1.443. /and place in the arms of her dear father, saying to him:Chryses, Agamemnon, king of men, sent me forth to bring to you your daughter, and to offer to Phoebus a holy hecatomb on the Danaans' behalf, that therewith we may propitiate the lord, who has now brought upon the Argives woeful lamentation. 1.444. /and place in the arms of her dear father, saying to him:Chryses, Agamemnon, king of men, sent me forth to bring to you your daughter, and to offer to Phoebus a holy hecatomb on the Danaans' behalf, that therewith we may propitiate the lord, who has now brought upon the Argives woeful lamentation. 1.445. /So saying he placed her in his arms, and he joyfully took his dear child; but they made haste to set in array for the god the holy hecatomb around the well-built altar, and then they washed their hands and took up the barley grains. Then Chryses lifted up his hands, and prayed aloud for them: 1.446. /So saying he placed her in his arms, and he joyfully took his dear child; but they made haste to set in array for the god the holy hecatomb around the well-built altar, and then they washed their hands and took up the barley grains. Then Chryses lifted up his hands, and prayed aloud for them: 1.447. /So saying he placed her in his arms, and he joyfully took his dear child; but they made haste to set in array for the god the holy hecatomb around the well-built altar, and then they washed their hands and took up the barley grains. Then Chryses lifted up his hands, and prayed aloud for them: 1.452. / Hear me, god of the silver bow, who stands over Chryse and holy Cilla, and rules mightily over Tenedos. As before you heard me when I prayed—to me you did honour, and mightily smote the host of the Achaeans—even so now fulfill me this my desire: 1.458. /ward off now from the Danaans the loathly pestilence. 1.459. /ward off now from the Danaans the loathly pestilence. So he spoke in prayer, and Phoebus Apollo heard him. Then, when they had prayed, and had sprinkled the barley grains, they first drew back the victims' heads, and cut their throats, and flayed them, and cut out the thighs and covered them 1.460. /with a double layer of fat, and laid raw flesh thereon. And the old man burned them on stakes of wood, and made libation over them of gleaming wine; and beside him the young men held in their hands the five-pronged forks. But when the thigh-pieces were wholly burned, and they had tasted the entrails, they cut up the rest and spitted it 1.461. /with a double layer of fat, and laid raw flesh thereon. And the old man burned them on stakes of wood, and made libation over them of gleaming wine; and beside him the young men held in their hands the five-pronged forks. But when the thigh-pieces were wholly burned, and they had tasted the entrails, they cut up the rest and spitted it 1.462. /with a double layer of fat, and laid raw flesh thereon. And the old man burned them on stakes of wood, and made libation over them of gleaming wine; and beside him the young men held in their hands the five-pronged forks. But when the thigh-pieces were wholly burned, and they had tasted the entrails, they cut up the rest and spitted it 1.463. /with a double layer of fat, and laid raw flesh thereon. And the old man burned them on stakes of wood, and made libation over them of gleaming wine; and beside him the young men held in their hands the five-pronged forks. But when the thigh-pieces were wholly burned, and they had tasted the entrails, they cut up the rest and spitted it 1.464. /with a double layer of fat, and laid raw flesh thereon. And the old man burned them on stakes of wood, and made libation over them of gleaming wine; and beside him the young men held in their hands the five-pronged forks. But when the thigh-pieces were wholly burned, and they had tasted the entrails, they cut up the rest and spitted it 1.465. /and roasted it carefully, and drew all off the spits. Then, when they had ceased from their labour and had made ready the meal, they feasted, nor did their hearts lack anything of the equal feast. But when they had put from them the desire for food and drink, the youths filled the bowls brim full of drink 1.466. /and roasted it carefully, and drew all off the spits. Then, when they had ceased from their labour and had made ready the meal, they feasted, nor did their hearts lack anything of the equal feast. But when they had put from them the desire for food and drink, the youths filled the bowls brim full of drink 1.474. /and served out to all, first pouring drops for libation into the cups. So the whole day long they sought to appease the god with song, singing the beautiful paean, the sons of the Achaeans, hymning the god who works from afar; and his heart was glad, as he heard.But when the sun set and darkness came on 2.404. /And they made sacrifice one to one of the gods that are for ever, and one to another, with the prayer that they might escape from death and the toil of war. But Agamemnon, king of men, slew a fat bull of five years to the son of Cronos, supreme in might, and let call the elders, the chieftains of the Achaean host 2.405. /Nestor, first of all, and king Idomeneus, and thereafter the twain Aiantes and the son of Tydeus, and as the sixth Odysseus, the peer of Zeus in counsel. And unbidden came to him Menelaus, good at the war-cry, for he knew in his heart wherewith his brother was busied. 2.406. /Nestor, first of all, and king Idomeneus, and thereafter the twain Aiantes and the son of Tydeus, and as the sixth Odysseus, the peer of Zeus in counsel. And unbidden came to him Menelaus, good at the war-cry, for he knew in his heart wherewith his brother was busied. 2.407. /Nestor, first of all, and king Idomeneus, and thereafter the twain Aiantes and the son of Tydeus, and as the sixth Odysseus, the peer of Zeus in counsel. And unbidden came to him Menelaus, good at the war-cry, for he knew in his heart wherewith his brother was busied. 2.412. /About the bull they stood and took up the barley grains, and in prayer lord Agamemnon spake among them, saying.Zeus, most glorious, most great, lord of the dark clouds, that dwellest in the heaven, grant that the sun set not, neither darkness come upon us, until I have cast down in headlong ruin the hall of Priam, blackened with smoke 2.413. /About the bull they stood and took up the barley grains, and in prayer lord Agamemnon spake among them, saying.Zeus, most glorious, most great, lord of the dark clouds, that dwellest in the heaven, grant that the sun set not, neither darkness come upon us, until I have cast down in headlong ruin the hall of Priam, blackened with smoke 2.414. /About the bull they stood and took up the barley grains, and in prayer lord Agamemnon spake among them, saying.Zeus, most glorious, most great, lord of the dark clouds, that dwellest in the heaven, grant that the sun set not, neither darkness come upon us, until I have cast down in headlong ruin the hall of Priam, blackened with smoke 2.415. /and have burned with consuming fire the portals thereof, and cloven about the breast of Hector his tunic, rent with the bronze; and in throngs may his comrades round about him fall headlong in the dust, and bite the earth. 2.416. /and have burned with consuming fire the portals thereof, and cloven about the breast of Hector his tunic, rent with the bronze; and in throngs may his comrades round about him fall headlong in the dust, and bite the earth. 2.417. /and have burned with consuming fire the portals thereof, and cloven about the breast of Hector his tunic, rent with the bronze; and in throngs may his comrades round about him fall headlong in the dust, and bite the earth. 2.418. /and have burned with consuming fire the portals thereof, and cloven about the breast of Hector his tunic, rent with the bronze; and in throngs may his comrades round about him fall headlong in the dust, and bite the earth. 2.419. /and have burned with consuming fire the portals thereof, and cloven about the breast of Hector his tunic, rent with the bronze; and in throngs may his comrades round about him fall headlong in the dust, and bite the earth. So spake he; but not as yet would the son of Cronos grant him fulfillment; 2.420. /nay, he accepted the sacrifice, but toil he made to wax unceasingly. Then, when they had prayed and had sprinkled the barley grains, they first drew back the victims' heads and cut their throats, and flayed them; and they cut out the thigh-pieces and covered them with a double layer of fat, and laid raw flesh thereon. 2.421. /nay, he accepted the sacrifice, but toil he made to wax unceasingly. Then, when they had prayed and had sprinkled the barley grains, they first drew back the victims' heads and cut their throats, and flayed them; and they cut out the thigh-pieces and covered them with a double layer of fat, and laid raw flesh thereon. 2.422. /nay, he accepted the sacrifice, but toil he made to wax unceasingly. Then, when they had prayed and had sprinkled the barley grains, they first drew back the victims' heads and cut their throats, and flayed them; and they cut out the thigh-pieces and covered them with a double layer of fat, and laid raw flesh thereon. 2.423. /nay, he accepted the sacrifice, but toil he made to wax unceasingly. Then, when they had prayed and had sprinkled the barley grains, they first drew back the victims' heads and cut their throats, and flayed them; and they cut out the thigh-pieces and covered them with a double layer of fat, and laid raw flesh thereon. 2.424. /nay, he accepted the sacrifice, but toil he made to wax unceasingly. Then, when they had prayed and had sprinkled the barley grains, they first drew back the victims' heads and cut their throats, and flayed them; and they cut out the thigh-pieces and covered them with a double layer of fat, and laid raw flesh thereon. 2.425. /These they burned on billets of wood stripped of leaves, and the inner parts they pierced with spits, and held them over the flame of Hephaestus. But when the thigh-pieces were wholly burned and they had tasted of the inner parts, they cut up the rest and spitted it, and roasted it carefully, and drew all off the spits. 2.426. /These they burned on billets of wood stripped of leaves, and the inner parts they pierced with spits, and held them over the flame of Hephaestus. But when the thigh-pieces were wholly burned and they had tasted of the inner parts, they cut up the rest and spitted it, and roasted it carefully, and drew all off the spits. 2.427. /These they burned on billets of wood stripped of leaves, and the inner parts they pierced with spits, and held them over the flame of Hephaestus. But when the thigh-pieces were wholly burned and they had tasted of the inner parts, they cut up the rest and spitted it, and roasted it carefully, and drew all off the spits. 2.428. /These they burned on billets of wood stripped of leaves, and the inner parts they pierced with spits, and held them over the flame of Hephaestus. But when the thigh-pieces were wholly burned and they had tasted of the inner parts, they cut up the rest and spitted it, and roasted it carefully, and drew all off the spits. 2.429. /These they burned on billets of wood stripped of leaves, and the inner parts they pierced with spits, and held them over the flame of Hephaestus. But when the thigh-pieces were wholly burned and they had tasted of the inner parts, they cut up the rest and spitted it, and roasted it carefully, and drew all off the spits. 2.430. /Then, when they had ceased from their labour and had made ready the meal, they feasted, nor did their hearts lack aught of the equal feast. But when they had put from them the desire of food and drink, among them the horseman, Nestor of Gerenia, was first to speak, saying:Most glorious son of Atreus, Agamemnon, king of men 2.431. /Then, when they had ceased from their labour and had made ready the meal, they feasted, nor did their hearts lack aught of the equal feast. But when they had put from them the desire of food and drink, among them the horseman, Nestor of Gerenia, was first to speak, saying:Most glorious son of Atreus, Agamemnon, king of men 24.126. /and in the hut a ram, great and shaggy, lay slaughtered for them. Then she, his queenly mother, sate her down close by his side and stroked him with her hand, and spake, and called him by name:My child, how long wilt thou devour thine heart with weeping and sorrowing, and wilt take no thought of food 24.457. /three Achaeans were wont to drive home, and three to draw back the great bolt of the door (three of the rest, but Achilles would drive it home even of himself)—then verily the helper Hermes opened the door for the old man, and brought in the glorious gifts for the swift-footed son of Peleus; and from the chariot he stepped down to the ground and spake, saying: 24.458. /three Achaeans were wont to drive home, and three to draw back the great bolt of the door (three of the rest, but Achilles would drive it home even of himself)—then verily the helper Hermes opened the door for the old man, and brought in the glorious gifts for the swift-footed son of Peleus; and from the chariot he stepped down to the ground and spake, saying: 24.459. /three Achaeans were wont to drive home, and three to draw back the great bolt of the door (three of the rest, but Achilles would drive it home even of himself)—then verily the helper Hermes opened the door for the old man, and brought in the glorious gifts for the swift-footed son of Peleus; and from the chariot he stepped down to the ground and spake, saying: 24.460. / Old sire, I that am come to thee am immortal god, even Hermes; for the Father sent me to guide thee on thy way. But now verily will I go back, neither come within Achilles' sight; good cause for wrath would it be that an immortal god should thus openly be entertained of mortals.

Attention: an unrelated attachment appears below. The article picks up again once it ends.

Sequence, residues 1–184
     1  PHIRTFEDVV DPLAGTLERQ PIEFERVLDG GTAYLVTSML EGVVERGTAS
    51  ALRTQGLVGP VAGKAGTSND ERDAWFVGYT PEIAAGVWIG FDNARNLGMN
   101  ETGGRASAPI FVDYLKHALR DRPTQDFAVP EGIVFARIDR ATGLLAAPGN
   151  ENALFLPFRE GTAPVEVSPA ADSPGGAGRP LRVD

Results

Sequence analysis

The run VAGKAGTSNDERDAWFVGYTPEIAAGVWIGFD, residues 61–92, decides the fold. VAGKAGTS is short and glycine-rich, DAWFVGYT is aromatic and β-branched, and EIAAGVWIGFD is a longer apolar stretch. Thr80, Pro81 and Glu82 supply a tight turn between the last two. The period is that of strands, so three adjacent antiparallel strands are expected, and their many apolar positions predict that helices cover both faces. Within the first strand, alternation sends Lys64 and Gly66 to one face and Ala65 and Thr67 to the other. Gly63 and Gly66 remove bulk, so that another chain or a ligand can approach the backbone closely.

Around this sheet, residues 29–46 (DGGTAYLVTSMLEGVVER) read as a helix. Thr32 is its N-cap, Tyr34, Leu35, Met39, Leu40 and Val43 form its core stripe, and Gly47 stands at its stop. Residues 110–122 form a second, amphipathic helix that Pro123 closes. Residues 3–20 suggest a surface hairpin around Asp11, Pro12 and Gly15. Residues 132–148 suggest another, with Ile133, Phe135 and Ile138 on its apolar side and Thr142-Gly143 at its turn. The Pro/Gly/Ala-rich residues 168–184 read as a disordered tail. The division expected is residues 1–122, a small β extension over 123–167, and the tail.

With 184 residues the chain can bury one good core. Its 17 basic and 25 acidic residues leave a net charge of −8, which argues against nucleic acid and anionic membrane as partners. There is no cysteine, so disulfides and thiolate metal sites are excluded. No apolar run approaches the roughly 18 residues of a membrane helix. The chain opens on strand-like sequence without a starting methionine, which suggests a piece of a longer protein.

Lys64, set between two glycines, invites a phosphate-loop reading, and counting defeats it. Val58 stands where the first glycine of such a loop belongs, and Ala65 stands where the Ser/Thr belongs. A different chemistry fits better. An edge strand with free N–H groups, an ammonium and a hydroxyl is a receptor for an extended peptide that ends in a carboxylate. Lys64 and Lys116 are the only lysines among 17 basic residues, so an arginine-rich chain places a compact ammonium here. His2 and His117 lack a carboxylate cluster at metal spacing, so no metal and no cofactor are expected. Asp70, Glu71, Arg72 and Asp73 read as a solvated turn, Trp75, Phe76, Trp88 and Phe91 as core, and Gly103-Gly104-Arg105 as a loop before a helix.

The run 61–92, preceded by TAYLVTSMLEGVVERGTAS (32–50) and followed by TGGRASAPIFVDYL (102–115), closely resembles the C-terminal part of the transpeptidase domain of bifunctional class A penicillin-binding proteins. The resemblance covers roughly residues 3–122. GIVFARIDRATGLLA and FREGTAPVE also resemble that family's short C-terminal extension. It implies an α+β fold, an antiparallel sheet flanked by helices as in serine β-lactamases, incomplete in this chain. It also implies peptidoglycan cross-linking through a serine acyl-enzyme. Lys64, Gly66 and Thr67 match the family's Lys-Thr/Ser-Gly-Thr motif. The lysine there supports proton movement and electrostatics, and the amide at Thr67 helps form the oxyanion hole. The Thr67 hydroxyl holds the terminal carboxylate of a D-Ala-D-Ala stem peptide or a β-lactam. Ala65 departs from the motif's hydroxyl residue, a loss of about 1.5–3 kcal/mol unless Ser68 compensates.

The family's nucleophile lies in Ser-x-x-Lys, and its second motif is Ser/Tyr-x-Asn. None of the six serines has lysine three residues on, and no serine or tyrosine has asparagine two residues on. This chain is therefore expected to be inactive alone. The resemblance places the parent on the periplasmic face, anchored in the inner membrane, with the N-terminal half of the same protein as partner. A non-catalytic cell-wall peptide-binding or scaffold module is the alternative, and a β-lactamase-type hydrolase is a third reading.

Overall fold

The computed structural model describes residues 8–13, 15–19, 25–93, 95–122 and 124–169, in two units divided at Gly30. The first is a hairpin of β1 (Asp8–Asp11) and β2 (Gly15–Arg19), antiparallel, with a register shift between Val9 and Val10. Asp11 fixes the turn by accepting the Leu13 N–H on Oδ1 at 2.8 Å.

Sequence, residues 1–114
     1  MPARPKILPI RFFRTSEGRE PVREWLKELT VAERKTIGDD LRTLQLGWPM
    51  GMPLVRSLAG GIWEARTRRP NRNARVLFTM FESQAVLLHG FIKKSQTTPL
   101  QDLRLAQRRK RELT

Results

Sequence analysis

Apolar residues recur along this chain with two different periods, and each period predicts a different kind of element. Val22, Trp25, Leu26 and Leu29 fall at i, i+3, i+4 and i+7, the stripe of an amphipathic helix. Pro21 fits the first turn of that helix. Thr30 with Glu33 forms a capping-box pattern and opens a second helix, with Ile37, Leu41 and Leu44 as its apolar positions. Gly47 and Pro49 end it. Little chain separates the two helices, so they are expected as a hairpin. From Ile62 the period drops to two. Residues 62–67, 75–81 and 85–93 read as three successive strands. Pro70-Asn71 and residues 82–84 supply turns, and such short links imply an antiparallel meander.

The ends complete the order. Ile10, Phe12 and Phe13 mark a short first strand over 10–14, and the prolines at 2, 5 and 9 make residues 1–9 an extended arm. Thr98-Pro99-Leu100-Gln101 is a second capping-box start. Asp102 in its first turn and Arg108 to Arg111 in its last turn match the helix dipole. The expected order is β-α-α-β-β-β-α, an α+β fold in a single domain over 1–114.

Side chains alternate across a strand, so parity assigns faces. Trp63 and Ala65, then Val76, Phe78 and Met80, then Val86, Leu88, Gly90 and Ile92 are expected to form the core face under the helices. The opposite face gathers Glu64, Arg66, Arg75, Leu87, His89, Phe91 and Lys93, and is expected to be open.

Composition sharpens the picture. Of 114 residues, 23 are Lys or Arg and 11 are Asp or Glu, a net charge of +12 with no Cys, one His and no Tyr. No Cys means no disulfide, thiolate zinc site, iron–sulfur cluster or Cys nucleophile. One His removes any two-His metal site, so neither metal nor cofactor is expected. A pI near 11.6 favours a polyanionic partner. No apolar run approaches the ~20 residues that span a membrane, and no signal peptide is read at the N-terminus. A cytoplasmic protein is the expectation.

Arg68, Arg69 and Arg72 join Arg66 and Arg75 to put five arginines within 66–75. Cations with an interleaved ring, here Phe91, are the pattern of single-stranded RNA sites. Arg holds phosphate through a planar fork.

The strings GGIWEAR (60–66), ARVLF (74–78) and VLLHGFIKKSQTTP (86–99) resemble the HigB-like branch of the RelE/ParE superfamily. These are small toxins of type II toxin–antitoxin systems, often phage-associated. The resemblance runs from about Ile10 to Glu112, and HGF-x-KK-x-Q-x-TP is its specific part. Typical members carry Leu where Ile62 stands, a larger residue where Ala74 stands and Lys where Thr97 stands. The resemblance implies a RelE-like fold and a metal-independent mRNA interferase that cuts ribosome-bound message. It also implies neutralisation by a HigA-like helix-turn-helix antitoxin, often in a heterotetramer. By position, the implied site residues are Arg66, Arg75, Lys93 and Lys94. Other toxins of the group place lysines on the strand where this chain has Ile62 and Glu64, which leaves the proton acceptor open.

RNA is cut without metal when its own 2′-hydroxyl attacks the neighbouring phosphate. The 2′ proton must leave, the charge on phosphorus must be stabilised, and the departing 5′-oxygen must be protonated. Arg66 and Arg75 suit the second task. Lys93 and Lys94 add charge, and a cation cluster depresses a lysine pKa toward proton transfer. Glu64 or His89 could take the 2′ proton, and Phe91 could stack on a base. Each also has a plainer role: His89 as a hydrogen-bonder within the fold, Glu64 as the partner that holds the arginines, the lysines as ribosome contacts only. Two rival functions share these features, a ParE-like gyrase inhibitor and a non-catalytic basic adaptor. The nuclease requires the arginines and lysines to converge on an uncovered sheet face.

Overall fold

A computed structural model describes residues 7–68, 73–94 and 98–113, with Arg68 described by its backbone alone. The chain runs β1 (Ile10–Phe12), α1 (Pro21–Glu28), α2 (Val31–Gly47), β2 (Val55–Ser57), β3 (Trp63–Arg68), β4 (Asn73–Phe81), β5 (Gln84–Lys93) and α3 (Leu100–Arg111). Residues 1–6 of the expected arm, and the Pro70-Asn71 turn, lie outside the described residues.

3. Homer, Odyssey, 1.130-1.135, 3.32, 3.430-3.463, 4.238, 7.203, 17.478 (8th cent. BCE - 7th cent. BCE)